If you haven’t heard, it seems that The Imitation Game (named for the famous Turing Test, an Alan Turing biopic, is in the works. Recent news (February of this year) has let us know that Benedict Cumberbatch will star as Turing, the troubled genius whose work helped to crack the Enigma Code and helped the Allies win World War II. Also confirmed is Keira Knightley, who will likely play Joan Clarke, a coworker of Turing’s within Hut 8 at Bletchley Park (the center of the UK’s WWII decryption establishment), and, briefly, his fiancee. I’ve also heard rumor that Matthew Goode of Watchmen fame will also star in the film.
There’s been talk of the script since 2011 when it was made public on The Black List, a survey of the “most liked” screenplays not yet produced. You can check out the 2011 list here, although the script has since been aggressively hunted and removed from the internet. However, over at ScriptShadow, there is a fairly thorough review of the screenplay, which is positive although it highlights a discomfort with Turing’s homosexuality coming off as a “quirk” in the film.
That being said, this is certainly not the first time Turing’s life story has been played in film. There is a lovely 1996 BBC television film entitled Breaking the Code, based on a play released a decade before, which stars Derek Jacobi (Turing) and Amanda Root (Pat Green, based on Joan Clarke).
The play itself was written by Hugh Whitmore and premiered in 1986 in London’s West End and then moved to Broadway in 1987. It cleverly links Turing’s work in cryptography, the mathematical protection of secrets, to the secrets he kept in his own life, primarily his homosexuality. Both the play and the television adaptation were lauded for their treatment of this part of Turing’s life, treating it as it was, a part of him which in his own lifetime would come to overshadow his greatest achievements. Receiving a GLAAD award, a Broadcasting Press Guild Award, and a pair of BAFTA nominations, Breaking the Code received near-universal critical acclaim both onscreen and on stage. In fact, stage productions continue to this day and are well-reviewed almost without variation wherever they are, including the Theatre Royal in Northampton and the Central Square Theatre in Cambridge, MA. While this is certainly to the credit of the respective production and performance teams, it is also a credit to Whitmore’s authorship.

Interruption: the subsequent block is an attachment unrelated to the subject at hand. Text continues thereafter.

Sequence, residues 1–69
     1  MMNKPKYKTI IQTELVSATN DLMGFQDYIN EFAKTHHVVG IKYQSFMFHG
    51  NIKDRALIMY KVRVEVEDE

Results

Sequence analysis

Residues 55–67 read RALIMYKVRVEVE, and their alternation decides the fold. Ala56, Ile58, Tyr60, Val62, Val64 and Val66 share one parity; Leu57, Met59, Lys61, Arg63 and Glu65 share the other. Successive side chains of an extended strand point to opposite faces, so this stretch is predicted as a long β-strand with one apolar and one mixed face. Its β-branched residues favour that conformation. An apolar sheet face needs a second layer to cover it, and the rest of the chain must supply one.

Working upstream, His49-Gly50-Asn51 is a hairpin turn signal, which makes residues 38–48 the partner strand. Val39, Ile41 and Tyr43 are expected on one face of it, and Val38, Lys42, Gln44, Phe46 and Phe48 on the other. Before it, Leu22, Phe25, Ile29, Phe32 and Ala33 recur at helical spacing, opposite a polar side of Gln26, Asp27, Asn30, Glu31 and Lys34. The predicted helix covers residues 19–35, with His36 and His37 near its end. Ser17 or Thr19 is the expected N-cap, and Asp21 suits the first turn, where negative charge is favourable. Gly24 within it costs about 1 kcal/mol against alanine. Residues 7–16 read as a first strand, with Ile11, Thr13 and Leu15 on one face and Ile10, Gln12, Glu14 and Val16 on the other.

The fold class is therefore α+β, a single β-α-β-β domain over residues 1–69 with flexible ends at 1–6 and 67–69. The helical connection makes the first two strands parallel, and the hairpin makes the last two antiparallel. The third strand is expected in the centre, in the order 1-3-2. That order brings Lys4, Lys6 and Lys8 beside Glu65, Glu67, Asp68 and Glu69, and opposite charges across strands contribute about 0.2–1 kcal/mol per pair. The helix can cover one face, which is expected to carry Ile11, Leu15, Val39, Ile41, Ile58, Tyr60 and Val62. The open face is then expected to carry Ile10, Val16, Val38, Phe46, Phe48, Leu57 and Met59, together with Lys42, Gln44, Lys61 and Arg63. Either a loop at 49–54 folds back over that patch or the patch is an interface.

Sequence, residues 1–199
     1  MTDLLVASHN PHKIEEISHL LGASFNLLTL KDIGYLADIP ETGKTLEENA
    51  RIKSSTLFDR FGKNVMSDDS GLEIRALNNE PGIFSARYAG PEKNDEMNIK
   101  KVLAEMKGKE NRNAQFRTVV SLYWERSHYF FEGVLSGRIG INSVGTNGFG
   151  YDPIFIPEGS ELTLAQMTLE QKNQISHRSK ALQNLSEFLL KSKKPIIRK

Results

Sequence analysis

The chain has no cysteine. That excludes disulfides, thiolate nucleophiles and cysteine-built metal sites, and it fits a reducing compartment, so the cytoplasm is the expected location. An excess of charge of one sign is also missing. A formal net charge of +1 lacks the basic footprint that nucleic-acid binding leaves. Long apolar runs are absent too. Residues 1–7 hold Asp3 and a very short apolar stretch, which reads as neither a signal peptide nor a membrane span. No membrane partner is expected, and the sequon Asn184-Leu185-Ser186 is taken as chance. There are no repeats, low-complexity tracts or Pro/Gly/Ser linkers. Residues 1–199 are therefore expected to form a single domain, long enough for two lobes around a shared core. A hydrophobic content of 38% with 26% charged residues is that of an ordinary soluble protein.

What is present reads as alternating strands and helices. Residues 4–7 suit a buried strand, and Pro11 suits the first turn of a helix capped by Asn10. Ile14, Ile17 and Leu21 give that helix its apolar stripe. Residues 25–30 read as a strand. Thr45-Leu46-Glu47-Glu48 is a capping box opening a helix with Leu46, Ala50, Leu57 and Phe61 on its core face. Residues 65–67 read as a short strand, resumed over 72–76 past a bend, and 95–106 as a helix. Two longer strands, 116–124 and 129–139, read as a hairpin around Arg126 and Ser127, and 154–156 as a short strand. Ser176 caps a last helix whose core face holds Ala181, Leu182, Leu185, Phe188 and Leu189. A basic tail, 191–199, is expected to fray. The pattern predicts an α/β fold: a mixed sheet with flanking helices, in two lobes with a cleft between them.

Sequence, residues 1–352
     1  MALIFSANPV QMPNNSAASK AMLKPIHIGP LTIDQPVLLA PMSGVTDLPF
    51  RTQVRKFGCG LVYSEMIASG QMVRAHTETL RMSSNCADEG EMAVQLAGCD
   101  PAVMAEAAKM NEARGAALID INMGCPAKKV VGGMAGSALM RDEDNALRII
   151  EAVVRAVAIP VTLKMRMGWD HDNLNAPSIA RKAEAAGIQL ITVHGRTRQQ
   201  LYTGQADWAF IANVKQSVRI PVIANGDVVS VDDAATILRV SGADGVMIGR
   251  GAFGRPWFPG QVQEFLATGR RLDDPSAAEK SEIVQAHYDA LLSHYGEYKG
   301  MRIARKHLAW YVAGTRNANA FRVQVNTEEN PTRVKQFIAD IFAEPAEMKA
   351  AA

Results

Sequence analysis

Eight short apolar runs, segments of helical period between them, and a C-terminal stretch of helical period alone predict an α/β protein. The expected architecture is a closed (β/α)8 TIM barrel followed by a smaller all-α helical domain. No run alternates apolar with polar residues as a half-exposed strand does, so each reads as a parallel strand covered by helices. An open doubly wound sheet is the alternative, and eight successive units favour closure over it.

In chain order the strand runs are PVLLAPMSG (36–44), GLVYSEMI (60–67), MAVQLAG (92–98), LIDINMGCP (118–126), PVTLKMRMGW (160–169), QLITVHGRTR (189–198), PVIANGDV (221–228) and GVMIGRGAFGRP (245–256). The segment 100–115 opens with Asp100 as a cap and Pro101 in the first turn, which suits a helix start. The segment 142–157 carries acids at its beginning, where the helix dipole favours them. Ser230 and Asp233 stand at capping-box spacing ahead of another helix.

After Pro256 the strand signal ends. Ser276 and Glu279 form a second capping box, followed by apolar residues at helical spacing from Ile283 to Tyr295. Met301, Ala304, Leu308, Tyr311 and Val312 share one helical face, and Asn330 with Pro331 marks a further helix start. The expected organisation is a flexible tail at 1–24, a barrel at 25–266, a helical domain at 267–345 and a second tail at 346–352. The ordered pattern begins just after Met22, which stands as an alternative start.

At the Performance Workshop Theatre in Baltimore. Mark Horwitz as Turing.
Alan Turing was, of course, prosecuted for homosexual activities in 1952, as it was illegal at the time. He was convicted, lost his security clearances, and chose chemical castration in the form of diethylstilbestrol (a synthetic estrogen) over a prison sentence. Two years later, he would commit suicide. You can head over to Saturday Morning Breakfast Cereal for a humorous take on just how incredibly bigoted and idiotic it was that Britain lost one of its greatest minds to institutionalized homophobia. Gordon Brown apologized in 2009. No pardon has been issued, despite calls from the public and scientific communities, though a bill has been introduced in the House of Lords.
Moving forward, this is my primary concern with The Imitation Game. I have no doubt that Cumberbatch can bring the character to life, though I’ve heard arguments that he will have to be careful to keep his Turing sufficiently distant from his Holmes. I worry that the film will play the thrill and genius of his work, and leave his homosexuality, his persecution, and the grand injustices that drove him to suicide a footnote, incidental to his academic talents. To ignore the homophobic betrayal of a talented patriot by his own queen and country, if you will, is to do a disservice to Turing’s memory, to LGBT persons everywhere, and to anyone who might benefit from the full, genuine telling of Alan Turing’s life story.
Breaking the Code can be found, in its full 90 minutes, on Youtube. If you’d like to learn more about Alan Turing (and I hope sincerely that you would), please visit the Turing Digital Archive. Lacking both the time and the talent to fully explain his genius and his contributions to the Allied effort and the state of the modern world, I recommend that you see his work for yourself.